Were Blackwater Guards Convicted Under a Law That Doesn't Cover Them?

Two issues that the Nisour Square shooters will raise on appeal


Blackwater Worldwide

Yesterday a federal judge in Washington, D.C., sentenced one former Blackwater Worldwide security guard to life in prison and three others to 30 years each in connection with the 2007 Nisour Square massacre in Baghdad. The guard who received the life sentence, Nicholas Slatten, was convicted of murder last October for firing the shots that set off the bloodbath, while the other three—Paul Slough, Evan Liberty, and Dustin Heard—were convicted of manslaughter for joining the fusillade, which killed 14 unarmed civilians. The defendants maintained that they were responding to hostile fire, but there was no evidence of that aside from their accounts. The jury did not buy it, and neither did U.S. District Judge Royce Lamberth. "It is clear these fine young men just panicked," Lamberth said, but "the overall, wild thing that went on here just cannot ever be condoned by a court."

I agree, and the charges seem appropriate given the lack of justification for the guards' actions. The problem is that the defendants, as State Department contractors, do not seem to be covered by the Military Extraterritorial Jurisdiction Act (MEJA), the law under which they were charged. As I explained in a column after they were indicted in 2008, MEJA covers people "employed by or accompanying the Armed Forces outside the United States," including Defense Department contractors. In a 2008 report, the Congressional Research Service said "MEJA does not appear to cover civilian and contract employees of agencies engaged in their own operations overseas." The Congressional Budget Office agreed, stating flatly that "employees of security contractors working for the Department of State would not be subject to MEJA."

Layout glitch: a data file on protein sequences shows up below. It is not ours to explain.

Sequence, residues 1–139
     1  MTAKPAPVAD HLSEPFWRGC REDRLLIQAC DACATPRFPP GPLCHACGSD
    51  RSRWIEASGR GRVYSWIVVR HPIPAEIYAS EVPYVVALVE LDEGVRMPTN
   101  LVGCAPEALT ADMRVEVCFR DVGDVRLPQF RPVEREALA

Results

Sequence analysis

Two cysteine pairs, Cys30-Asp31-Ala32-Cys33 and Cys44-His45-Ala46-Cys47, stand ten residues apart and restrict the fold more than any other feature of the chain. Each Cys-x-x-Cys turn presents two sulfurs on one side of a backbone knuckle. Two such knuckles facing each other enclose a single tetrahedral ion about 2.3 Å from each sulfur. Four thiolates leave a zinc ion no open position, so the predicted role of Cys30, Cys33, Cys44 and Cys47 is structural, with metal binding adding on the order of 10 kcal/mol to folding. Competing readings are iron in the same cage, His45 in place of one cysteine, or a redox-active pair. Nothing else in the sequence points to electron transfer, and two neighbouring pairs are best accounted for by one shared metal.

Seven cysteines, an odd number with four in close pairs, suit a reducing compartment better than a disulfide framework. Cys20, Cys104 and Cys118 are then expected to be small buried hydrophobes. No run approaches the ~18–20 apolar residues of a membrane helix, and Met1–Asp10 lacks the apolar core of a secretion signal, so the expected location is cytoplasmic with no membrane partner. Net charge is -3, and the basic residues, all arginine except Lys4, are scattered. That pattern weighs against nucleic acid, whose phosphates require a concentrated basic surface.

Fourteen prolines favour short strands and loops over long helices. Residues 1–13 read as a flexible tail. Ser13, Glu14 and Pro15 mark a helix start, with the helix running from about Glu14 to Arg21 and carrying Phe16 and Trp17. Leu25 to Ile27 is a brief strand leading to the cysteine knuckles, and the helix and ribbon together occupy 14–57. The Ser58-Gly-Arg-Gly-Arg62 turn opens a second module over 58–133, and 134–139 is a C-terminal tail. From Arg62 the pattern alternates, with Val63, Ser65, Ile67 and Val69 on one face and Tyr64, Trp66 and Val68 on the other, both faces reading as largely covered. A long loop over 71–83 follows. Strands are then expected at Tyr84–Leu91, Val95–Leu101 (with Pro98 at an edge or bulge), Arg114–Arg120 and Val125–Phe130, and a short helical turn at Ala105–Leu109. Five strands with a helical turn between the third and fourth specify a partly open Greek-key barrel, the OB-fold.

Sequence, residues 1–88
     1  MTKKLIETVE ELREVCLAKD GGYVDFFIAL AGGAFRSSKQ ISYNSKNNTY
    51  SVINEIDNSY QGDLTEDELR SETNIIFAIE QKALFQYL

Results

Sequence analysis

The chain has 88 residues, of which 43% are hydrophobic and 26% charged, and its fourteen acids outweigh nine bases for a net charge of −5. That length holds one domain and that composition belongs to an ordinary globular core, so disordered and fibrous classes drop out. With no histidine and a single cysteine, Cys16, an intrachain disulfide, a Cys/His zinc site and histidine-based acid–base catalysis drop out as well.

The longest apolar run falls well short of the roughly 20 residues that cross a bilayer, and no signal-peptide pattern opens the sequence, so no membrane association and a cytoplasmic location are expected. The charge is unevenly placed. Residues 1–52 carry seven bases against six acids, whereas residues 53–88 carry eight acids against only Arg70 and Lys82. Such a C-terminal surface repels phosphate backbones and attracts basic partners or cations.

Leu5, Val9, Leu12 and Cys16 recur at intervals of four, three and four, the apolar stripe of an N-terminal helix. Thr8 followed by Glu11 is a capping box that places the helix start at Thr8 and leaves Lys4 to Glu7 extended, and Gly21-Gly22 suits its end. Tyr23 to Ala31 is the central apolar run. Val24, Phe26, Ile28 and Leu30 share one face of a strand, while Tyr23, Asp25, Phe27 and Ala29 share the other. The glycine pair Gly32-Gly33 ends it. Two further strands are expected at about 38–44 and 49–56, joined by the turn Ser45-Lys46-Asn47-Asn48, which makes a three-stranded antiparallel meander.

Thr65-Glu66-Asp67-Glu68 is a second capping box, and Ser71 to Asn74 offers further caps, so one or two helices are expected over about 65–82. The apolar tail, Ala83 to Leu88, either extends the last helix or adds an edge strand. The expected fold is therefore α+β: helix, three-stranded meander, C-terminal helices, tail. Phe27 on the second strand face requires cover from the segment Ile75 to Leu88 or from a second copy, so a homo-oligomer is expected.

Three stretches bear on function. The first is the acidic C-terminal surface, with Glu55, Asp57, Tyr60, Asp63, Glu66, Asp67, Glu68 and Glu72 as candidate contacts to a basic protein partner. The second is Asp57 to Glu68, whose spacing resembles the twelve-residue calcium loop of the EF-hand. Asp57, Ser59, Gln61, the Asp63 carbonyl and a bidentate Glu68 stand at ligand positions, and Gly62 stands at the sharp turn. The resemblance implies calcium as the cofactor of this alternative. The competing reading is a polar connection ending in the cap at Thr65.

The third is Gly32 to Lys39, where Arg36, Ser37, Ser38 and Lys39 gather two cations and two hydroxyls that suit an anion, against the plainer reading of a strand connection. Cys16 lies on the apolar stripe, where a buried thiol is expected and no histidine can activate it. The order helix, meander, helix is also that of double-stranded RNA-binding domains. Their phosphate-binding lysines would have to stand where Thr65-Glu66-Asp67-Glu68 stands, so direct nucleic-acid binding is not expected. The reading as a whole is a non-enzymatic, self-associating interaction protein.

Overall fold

The Transparency and Accountability in Security Contracting Act of 2007 would have addressed this gap by extending American criminal law to all government contractors who commit felonies while working in areas where U.S. forces are operating. But that bill did not pass.

In addition to the jurisdictional question, which the defendants are bound to raise again on appeal, there is the issue of the 30-year sentences imposed on Slough, Liberty, and Heard. Those mandatory minimums were triggered by a provision of federal law aimed at people who use machine guns "during and in relation to any crime of violence or drug trafficking crime." The Washington Post reports that "the charge has primarily been aimed at gang members, rarely against police officers accused of misconduct and never before against security contractors given military weapons by the U.S. government."

Counterintuitively, Lamberth sentenced Slough, Liberty, and Heard to time served on the manslaughter and attempted manslaughter counts—the essence of their crimes—but warned that he could extend those sentences if the mandatory minimums are struck down on appeal. It seems strange that the punishment for killing people would be lighter than the punishment for using a particular kind of weapon to do so. But that is just one of the bizarre results produced by the weapon-related sentence enhancements that Congress has prescribed in the name of fighting violent crime, which also can be used to impose the equivalent of a life sentence on people who have never hurt anyone.

Addendum: In case you were wondering why the guards were not charged under Iraqi law, it was because an order by the provisional government created after the U.S. invasion made contractors immune from local prosecution for work-related conduct. That immunity was lifted largely as a result of outrage over the Nasour Square massacre.